Faced with losing an ambitious $1-billion plan to revamp the Los Angeles River, Mayor Eric Garcetti on Friday raised the stakes by offering to split the cost with the U.S. Army Corps of Engineers. The corps, which manages the river as a flood control channel, last year recommended a $453-million package of parks, bike paths and other enhancements to make the river more inviting to Angelenos. It recently informed the mayor's office that it was sticking with that plan rather than pursuing the $1-billion version, known as Alternative 20, that Garcetti backs.
CALIFORNIA | LOCAL
April 3, 2014 | By Louis Sahagun
The U.S. Justice Department on Thursday announced that Anadarko Petroleum Corp. had agreed to pay $5.15 billion to clean up hazardous substances dumped nationwide - including radioactive uranium waste across the Navajo Nation - in the largest settlement ever for environmental contamination. The operations of Kerr-McGee Corp. - which was acquired by Anadarko in 2006 - also left behind radioactive thorium in Chicago and West Chicago, Ill.; creosote waste in the Northeast, the Midwest and the South; and perchlorate waste in Nevada, according to U.S. Deputy Atty.
CALIFORNIA | LOCAL
March 31, 2014 | By Tony Perry
The nation needs to better acknowledge and support the efforts of the "hidden heroes" from the Iraq and Afghanistan wars: the estimated 1.1 million civilian, volunteer caregivers tending to the needs of wounded and disabled veterans, according to recommendations contained in a Rand Corp. study released Monday. While family members and others have long cared for veterans, the veterans from two recent wars are more likely to have mental health and substance problems, making the task of providing care even more difficult, according to the study, funded by the Elizabeth Dole Foundation.
ENTERTAINMENT
March 26, 2014 | By Meg James
His older son, Lachlan, quit a top executive job in the company and retreated to Australia. His second son, James, was battered by the British phone hacking scandal. Some analysts figured Rupert Murdoch's long-held ambition to leave his vast worldwide empire in the hands of a Murdoch would never happen. But with one bold stroke Wednesday, the 83-year-old Murdoch cemented a new leadership structure that ensures his two sons will be in charge of his two media companies long after he is gone.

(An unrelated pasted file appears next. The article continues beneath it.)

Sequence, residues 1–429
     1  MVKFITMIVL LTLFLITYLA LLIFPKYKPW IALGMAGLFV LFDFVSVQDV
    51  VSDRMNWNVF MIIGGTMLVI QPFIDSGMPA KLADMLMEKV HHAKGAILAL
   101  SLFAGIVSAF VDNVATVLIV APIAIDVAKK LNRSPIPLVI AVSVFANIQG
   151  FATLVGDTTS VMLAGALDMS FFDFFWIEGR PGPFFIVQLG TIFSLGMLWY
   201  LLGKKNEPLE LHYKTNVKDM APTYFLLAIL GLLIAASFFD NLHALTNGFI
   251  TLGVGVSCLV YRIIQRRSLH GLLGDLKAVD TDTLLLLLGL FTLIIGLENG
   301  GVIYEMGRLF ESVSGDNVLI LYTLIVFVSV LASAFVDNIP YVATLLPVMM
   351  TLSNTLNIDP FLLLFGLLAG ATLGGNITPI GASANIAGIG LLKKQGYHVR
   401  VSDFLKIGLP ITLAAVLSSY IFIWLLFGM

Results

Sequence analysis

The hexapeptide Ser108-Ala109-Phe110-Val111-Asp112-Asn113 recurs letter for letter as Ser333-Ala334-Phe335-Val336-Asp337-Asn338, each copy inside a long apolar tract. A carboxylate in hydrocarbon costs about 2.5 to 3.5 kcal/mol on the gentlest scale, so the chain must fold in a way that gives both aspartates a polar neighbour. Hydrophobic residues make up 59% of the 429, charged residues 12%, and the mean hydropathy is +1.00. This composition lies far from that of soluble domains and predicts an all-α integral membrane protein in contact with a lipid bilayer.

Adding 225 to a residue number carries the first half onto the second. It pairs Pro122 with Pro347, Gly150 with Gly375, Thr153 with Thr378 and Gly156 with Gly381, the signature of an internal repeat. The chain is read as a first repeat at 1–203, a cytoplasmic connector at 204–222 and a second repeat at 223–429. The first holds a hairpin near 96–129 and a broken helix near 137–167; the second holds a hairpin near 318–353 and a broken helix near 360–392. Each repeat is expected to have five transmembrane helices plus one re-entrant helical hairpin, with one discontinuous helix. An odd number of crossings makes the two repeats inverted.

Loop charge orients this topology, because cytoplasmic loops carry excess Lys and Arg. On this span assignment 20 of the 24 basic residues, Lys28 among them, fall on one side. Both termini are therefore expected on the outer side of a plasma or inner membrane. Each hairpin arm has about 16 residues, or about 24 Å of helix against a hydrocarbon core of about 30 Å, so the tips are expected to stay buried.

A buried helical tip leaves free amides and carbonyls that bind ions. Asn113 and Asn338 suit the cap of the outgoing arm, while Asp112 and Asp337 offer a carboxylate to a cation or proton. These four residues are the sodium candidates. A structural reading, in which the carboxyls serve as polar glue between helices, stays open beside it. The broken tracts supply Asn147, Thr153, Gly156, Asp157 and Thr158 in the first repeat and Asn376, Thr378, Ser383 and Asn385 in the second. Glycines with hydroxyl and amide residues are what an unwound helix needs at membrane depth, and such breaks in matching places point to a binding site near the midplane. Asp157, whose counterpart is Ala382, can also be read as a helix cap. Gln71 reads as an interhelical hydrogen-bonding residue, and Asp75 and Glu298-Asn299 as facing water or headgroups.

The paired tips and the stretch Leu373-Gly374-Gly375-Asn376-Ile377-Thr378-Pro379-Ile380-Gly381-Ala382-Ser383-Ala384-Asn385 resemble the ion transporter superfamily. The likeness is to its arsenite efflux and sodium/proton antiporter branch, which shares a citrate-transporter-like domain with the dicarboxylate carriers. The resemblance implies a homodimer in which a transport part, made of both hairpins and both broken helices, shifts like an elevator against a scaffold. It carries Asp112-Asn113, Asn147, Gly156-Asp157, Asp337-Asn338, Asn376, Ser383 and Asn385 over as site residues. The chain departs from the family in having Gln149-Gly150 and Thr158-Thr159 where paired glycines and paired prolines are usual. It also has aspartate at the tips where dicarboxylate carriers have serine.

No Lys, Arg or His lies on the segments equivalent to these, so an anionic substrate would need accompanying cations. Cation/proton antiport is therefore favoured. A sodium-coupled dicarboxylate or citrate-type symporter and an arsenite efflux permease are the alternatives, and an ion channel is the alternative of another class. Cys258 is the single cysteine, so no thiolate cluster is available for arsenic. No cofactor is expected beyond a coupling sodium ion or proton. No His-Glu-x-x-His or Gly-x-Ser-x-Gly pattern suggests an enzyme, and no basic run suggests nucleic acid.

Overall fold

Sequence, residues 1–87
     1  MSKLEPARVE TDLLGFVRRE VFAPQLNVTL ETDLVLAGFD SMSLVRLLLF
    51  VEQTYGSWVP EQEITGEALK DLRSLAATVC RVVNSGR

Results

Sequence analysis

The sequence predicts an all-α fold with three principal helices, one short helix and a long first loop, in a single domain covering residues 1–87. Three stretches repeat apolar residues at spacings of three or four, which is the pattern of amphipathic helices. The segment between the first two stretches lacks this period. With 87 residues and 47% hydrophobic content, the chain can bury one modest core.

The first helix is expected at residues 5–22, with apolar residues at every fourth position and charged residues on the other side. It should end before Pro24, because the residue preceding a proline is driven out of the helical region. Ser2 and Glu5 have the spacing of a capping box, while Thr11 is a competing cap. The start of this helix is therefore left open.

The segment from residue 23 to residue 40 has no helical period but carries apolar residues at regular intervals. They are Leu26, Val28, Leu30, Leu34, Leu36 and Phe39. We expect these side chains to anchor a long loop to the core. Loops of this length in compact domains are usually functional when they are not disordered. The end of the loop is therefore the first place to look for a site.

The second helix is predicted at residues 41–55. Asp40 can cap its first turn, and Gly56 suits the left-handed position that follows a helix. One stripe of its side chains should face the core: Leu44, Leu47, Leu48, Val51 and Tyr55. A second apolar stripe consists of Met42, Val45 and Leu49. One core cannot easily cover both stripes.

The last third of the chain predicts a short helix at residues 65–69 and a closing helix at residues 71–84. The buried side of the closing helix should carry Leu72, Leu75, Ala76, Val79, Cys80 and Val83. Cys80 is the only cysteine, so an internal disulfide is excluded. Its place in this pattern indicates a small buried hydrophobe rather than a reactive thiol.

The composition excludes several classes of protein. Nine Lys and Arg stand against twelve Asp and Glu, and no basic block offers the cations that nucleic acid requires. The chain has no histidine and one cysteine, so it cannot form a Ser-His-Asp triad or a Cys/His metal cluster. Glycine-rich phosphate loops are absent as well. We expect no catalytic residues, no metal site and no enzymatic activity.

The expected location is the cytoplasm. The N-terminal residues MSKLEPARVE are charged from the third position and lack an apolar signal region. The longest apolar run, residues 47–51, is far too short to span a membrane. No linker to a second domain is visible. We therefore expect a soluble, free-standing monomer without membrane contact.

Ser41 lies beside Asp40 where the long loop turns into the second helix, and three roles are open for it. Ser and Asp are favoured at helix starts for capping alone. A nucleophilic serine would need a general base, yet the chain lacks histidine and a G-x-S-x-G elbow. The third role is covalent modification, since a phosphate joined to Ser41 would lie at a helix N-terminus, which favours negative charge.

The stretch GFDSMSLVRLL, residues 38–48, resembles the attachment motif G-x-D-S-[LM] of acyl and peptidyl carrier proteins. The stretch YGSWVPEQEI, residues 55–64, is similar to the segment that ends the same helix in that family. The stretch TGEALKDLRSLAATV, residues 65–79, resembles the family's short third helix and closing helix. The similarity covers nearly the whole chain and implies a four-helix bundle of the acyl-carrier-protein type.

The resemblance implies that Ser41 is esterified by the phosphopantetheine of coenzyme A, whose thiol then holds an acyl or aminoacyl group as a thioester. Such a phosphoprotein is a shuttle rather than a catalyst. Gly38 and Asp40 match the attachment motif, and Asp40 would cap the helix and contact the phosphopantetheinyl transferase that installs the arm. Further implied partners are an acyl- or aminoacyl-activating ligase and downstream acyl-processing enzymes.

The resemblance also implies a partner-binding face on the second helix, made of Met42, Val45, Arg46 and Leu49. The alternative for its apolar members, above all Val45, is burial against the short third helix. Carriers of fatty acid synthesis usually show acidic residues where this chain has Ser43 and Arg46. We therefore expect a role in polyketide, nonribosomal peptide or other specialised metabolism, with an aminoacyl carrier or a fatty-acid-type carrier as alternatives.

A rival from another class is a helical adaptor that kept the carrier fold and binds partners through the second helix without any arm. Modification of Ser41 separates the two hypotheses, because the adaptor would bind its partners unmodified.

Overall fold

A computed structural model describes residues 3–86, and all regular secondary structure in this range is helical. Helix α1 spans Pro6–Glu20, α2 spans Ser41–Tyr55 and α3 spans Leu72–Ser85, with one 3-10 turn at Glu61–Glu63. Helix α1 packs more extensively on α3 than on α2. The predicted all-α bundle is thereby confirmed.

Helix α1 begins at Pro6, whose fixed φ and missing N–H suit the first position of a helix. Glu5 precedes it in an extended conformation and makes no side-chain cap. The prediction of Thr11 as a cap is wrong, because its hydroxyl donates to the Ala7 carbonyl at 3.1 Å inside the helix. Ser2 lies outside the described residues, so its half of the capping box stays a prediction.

BUSINESS
March 26, 2014 | By W.J. Hennigan
About 150 employees at rocket engine maker Aerojet Rocketdyne in Canoga Park were told Wednesday that they would be laid off as part of a companywide reduction that the company says is related to last year's merger. Aerojet Rocketdyne was created by the sale of Rocketdyne to GenCorp Inc. for $550 million, a deal that was finalized last summer. It brought together two major California rocket companies - and longtime competitors. GenCorp already owned Aerojet, the Sacramento aerospace firm founded in 1942.
CALIFORNIA | LOCAL
June 6, 1989 | JAMES M. GOMEZ, Times Staff Writer
Five cities in predominantly minority sections of Los Angeles County have been ranked among the poorest communities in the nation by a Chicago-based urbanologist whose survey has come under fire by local demographers and city officials. The 23-page report on the 60 wealthiest and 15 poorest U.S. suburbs, prepared by Roosevelt University professor Pierre deVise, shows per capita yearly income for Cudahy, Bell Gardens, Huntington Park, Compton and South El Monte ranging from $5,170 to $7,100.
BUSINESS
April 19, 1987 | LESLIE BERKMAN, Times Staff Writer
Orange County will soon join Dallas in the limelight of a television series. The success of the new series, however, will not be measured in Nielsen ratings but in the yen it can attract; the show is targeted for Japanese businessmen. The three-hour, three-part series portraying Orange County's business and investment potential is scheduled to air early this summer in Los Angeles on Channel 18's Japan News Magazine and later on two major networks in Japan.
BUSINESS
March 14, 2014 | By Ronald D. White
Keurig Green Mountain Inc. has struck a series of deals that will increase the kinds of company-approved coffee and tea that K-cup loving customers can buy. In one such deal, Seattle-based coffee giant Starbucks Corp. said Friday that it had agreed to end its status as the exclusive super-premium coffee brand for Keurig Green Mountain Inc. Starbucks said in a statement that the deal was made in exchange for Keurig expanding its range of Starbucks products. Friday's announcement indicates a bit of a course change for the companies.
BUSINESS
March 10, 2014 | David Lazarus
CVS Caremark Corp. could face as much as $29 million in fines for allegedly losing track of prescription painkillers at four of its California stores, from which authorities said thousands of pills may have been sold on the black market. Officials at the U.S. Drug Enforcement Administration and the California Board of Pharmacy told me Monday that more than 37,000 pills were apparently taken from CVS stores in Modesto, Fairfield, Dixon and Turlock. Meanwhile, CVS pharmacists in Southern California said they've been instructed by the drugstore chain to get their paperwork in order so that no other prescription meds are found to be missing.